Perhaps when we look back on the early 2000s music scene, the genre that will define it will be Bat for Lashes’ strain of chill-out electronica, variously labelled folktronica, baroque pop and dream pop. After all, we’ve heard similar from Lykke Li and The xx, and can hear it in the softer end of Florence & the Machine, all NME favourites over the last decade. Or perhaps we will recall the Take That reunion. I know which one I’d prefer to remember.
When Bat for Lashes released their debut album Fur and Gold in 2006, the scene for such music was thriving, with bands like Guillemots creating experimental tracks intended for serious listening rather than the dancefloor. Natasha Khan, vocalist and songwriter, received a great deal of critical praise for both Fur and Gold and her follow-up album, Two Suns. Her newest effort, The Haunted Man, is due out on 15th October.
The album opens with ‘Lilies’, an echo-heavy song with a soft vocal line, which resounds over electronic ambiance, gradually building up and introducing violins, quiet guitars and repetitive percussive sound. It begins the album promisingly, though it’s a little too calm, and the track ends abruptly, like someone dropped a damp tea-towel on the keyboard. In the next song, ‘All Your Gold’, Khan does not attempt to create large aural spaces and fill them with ambient noise – instead, she builds layer upon layer of sound, minimalistically, beginning with just one or two textural elements and then adding tracks of melody and percussion . Half way through, ‘All Your Gold’ seems to liven up, bringing all the elements together, reminding me of Gotye’s ubiquitous ‘Somebody I Used to Know’. It drifts back into the distance afterwards though, and concludes without really developing into anything interesting.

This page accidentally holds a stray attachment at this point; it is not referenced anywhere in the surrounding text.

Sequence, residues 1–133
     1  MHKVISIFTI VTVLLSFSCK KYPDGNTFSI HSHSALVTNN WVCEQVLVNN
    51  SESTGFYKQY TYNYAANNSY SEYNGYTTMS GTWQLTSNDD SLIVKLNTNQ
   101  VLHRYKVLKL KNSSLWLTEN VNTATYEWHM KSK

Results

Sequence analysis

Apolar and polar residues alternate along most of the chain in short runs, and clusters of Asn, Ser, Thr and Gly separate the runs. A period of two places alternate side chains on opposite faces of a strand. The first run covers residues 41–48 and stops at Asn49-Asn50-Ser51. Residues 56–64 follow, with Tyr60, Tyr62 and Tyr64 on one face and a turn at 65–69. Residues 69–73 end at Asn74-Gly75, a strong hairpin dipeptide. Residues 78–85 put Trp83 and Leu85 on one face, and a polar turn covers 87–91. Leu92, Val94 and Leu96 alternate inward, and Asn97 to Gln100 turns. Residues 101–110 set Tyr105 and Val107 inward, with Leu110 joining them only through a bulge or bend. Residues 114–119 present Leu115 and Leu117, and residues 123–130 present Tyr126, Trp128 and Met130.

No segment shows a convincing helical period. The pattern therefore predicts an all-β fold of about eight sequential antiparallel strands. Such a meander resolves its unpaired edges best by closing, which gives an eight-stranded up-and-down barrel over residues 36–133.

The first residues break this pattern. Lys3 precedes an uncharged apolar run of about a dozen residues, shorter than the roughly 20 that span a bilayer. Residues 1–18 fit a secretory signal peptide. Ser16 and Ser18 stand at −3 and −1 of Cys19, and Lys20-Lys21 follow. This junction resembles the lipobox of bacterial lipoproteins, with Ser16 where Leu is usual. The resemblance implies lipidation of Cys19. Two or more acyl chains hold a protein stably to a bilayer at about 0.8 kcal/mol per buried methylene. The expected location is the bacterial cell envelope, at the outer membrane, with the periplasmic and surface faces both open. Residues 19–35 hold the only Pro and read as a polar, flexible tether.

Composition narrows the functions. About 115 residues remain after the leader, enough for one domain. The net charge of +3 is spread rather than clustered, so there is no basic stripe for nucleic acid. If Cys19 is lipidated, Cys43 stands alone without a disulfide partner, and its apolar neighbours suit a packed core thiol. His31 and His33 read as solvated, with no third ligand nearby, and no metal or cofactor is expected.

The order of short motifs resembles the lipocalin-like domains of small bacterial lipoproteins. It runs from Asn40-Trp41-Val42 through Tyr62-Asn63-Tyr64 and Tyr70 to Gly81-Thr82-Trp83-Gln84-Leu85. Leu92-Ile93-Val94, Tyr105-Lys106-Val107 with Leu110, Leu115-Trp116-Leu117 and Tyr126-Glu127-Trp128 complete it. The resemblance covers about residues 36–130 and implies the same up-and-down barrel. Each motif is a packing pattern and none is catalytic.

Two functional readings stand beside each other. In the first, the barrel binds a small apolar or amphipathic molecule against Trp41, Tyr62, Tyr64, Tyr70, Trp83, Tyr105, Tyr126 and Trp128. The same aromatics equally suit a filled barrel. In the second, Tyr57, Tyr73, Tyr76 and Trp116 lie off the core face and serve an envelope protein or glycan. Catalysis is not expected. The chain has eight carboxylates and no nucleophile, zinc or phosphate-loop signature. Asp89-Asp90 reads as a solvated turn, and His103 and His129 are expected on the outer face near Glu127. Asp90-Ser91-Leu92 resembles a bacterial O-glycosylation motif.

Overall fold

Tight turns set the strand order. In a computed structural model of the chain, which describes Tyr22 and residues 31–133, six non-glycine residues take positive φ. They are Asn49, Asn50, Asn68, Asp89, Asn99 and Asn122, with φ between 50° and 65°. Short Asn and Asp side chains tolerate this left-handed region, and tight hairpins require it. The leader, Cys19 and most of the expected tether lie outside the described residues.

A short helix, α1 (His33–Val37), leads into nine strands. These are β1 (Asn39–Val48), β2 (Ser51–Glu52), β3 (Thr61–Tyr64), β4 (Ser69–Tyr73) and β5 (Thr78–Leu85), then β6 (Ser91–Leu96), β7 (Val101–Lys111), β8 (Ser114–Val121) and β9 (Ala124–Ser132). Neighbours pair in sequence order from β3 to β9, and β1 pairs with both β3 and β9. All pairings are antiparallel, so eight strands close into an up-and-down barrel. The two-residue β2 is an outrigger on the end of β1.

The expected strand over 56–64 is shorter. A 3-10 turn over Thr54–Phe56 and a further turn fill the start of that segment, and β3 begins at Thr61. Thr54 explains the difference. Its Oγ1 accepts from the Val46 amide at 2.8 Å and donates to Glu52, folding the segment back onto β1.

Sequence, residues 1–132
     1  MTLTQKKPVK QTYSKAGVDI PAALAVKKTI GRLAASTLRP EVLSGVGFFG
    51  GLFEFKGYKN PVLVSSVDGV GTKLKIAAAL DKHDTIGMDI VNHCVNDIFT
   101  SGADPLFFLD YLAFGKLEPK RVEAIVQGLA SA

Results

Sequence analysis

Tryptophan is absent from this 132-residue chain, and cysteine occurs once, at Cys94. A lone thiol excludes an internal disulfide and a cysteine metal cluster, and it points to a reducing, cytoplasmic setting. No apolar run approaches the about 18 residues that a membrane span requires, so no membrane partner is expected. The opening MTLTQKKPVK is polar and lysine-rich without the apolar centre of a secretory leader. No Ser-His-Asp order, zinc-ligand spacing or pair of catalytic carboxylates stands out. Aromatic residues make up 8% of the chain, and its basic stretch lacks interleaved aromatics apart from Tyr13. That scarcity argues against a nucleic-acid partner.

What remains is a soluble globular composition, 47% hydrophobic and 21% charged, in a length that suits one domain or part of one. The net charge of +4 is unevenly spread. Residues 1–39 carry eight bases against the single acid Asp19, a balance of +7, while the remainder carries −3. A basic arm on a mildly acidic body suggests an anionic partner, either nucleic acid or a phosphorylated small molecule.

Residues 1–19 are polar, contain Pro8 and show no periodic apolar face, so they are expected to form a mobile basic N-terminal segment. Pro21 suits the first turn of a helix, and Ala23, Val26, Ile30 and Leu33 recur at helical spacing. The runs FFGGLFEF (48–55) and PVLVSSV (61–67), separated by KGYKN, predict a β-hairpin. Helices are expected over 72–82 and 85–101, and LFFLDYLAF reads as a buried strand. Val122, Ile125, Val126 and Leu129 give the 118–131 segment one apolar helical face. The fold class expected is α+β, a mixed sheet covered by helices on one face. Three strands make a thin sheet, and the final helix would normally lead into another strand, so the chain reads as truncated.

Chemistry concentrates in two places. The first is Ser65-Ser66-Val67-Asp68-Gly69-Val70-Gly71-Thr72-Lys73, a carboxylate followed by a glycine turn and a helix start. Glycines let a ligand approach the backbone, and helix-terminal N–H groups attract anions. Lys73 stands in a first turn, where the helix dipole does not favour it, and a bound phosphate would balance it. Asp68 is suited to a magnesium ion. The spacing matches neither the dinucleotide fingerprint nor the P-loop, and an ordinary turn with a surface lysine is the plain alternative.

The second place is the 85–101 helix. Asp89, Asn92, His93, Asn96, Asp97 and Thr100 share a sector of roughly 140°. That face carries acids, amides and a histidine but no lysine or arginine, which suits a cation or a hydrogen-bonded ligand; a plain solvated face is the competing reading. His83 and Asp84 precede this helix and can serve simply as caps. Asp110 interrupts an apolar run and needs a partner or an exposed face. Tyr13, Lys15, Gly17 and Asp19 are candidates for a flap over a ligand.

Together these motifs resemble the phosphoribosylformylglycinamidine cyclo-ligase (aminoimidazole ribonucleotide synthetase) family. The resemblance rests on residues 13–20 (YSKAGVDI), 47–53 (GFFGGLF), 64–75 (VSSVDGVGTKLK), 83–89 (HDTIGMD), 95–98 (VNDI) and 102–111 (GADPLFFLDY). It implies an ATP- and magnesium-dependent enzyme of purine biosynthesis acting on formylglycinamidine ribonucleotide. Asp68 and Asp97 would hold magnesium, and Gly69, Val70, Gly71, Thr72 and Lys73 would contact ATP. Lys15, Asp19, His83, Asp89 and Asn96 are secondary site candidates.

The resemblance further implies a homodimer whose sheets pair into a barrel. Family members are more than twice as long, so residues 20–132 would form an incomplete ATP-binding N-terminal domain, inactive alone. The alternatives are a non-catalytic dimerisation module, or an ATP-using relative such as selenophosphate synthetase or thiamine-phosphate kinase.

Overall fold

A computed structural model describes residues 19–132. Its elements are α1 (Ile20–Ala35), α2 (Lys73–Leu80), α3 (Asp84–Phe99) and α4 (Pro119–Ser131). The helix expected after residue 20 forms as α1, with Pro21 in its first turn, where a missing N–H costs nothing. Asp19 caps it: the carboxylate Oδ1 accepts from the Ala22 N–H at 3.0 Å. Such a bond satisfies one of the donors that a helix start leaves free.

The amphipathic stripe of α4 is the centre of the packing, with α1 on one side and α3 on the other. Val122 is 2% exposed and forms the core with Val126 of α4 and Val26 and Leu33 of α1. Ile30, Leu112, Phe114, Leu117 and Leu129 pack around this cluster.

From then on, there is little deviation from type. Some tracks, like Horses of the Sun, put harmony to use more actively, similarly to The Callers, and a decided departure can be found on ‘Laura’, with a PJ Harvey-style minimalistic piano line complemented beautifully by Khan’s gentle vocals. Lyrically, though, her songs attempt profundity and hit poignancy at best. Most of them seem to be about how happy she is to be alive, or how sad she is in her relationships – very nice, but pseudo-deep, and often weighted under so much echo that it is a real task to decipher the words. Many casual listeners probably wouldn’t bother.
When I first listened to this album, I had the worst freshers’ headache that you could possibly imagine. Bat for Lashes was wonderful for soothing the pain, but on a brighter day, it would be far too shock-free. Do I still prefer it to Take That? Of course. But that isn’t saying much.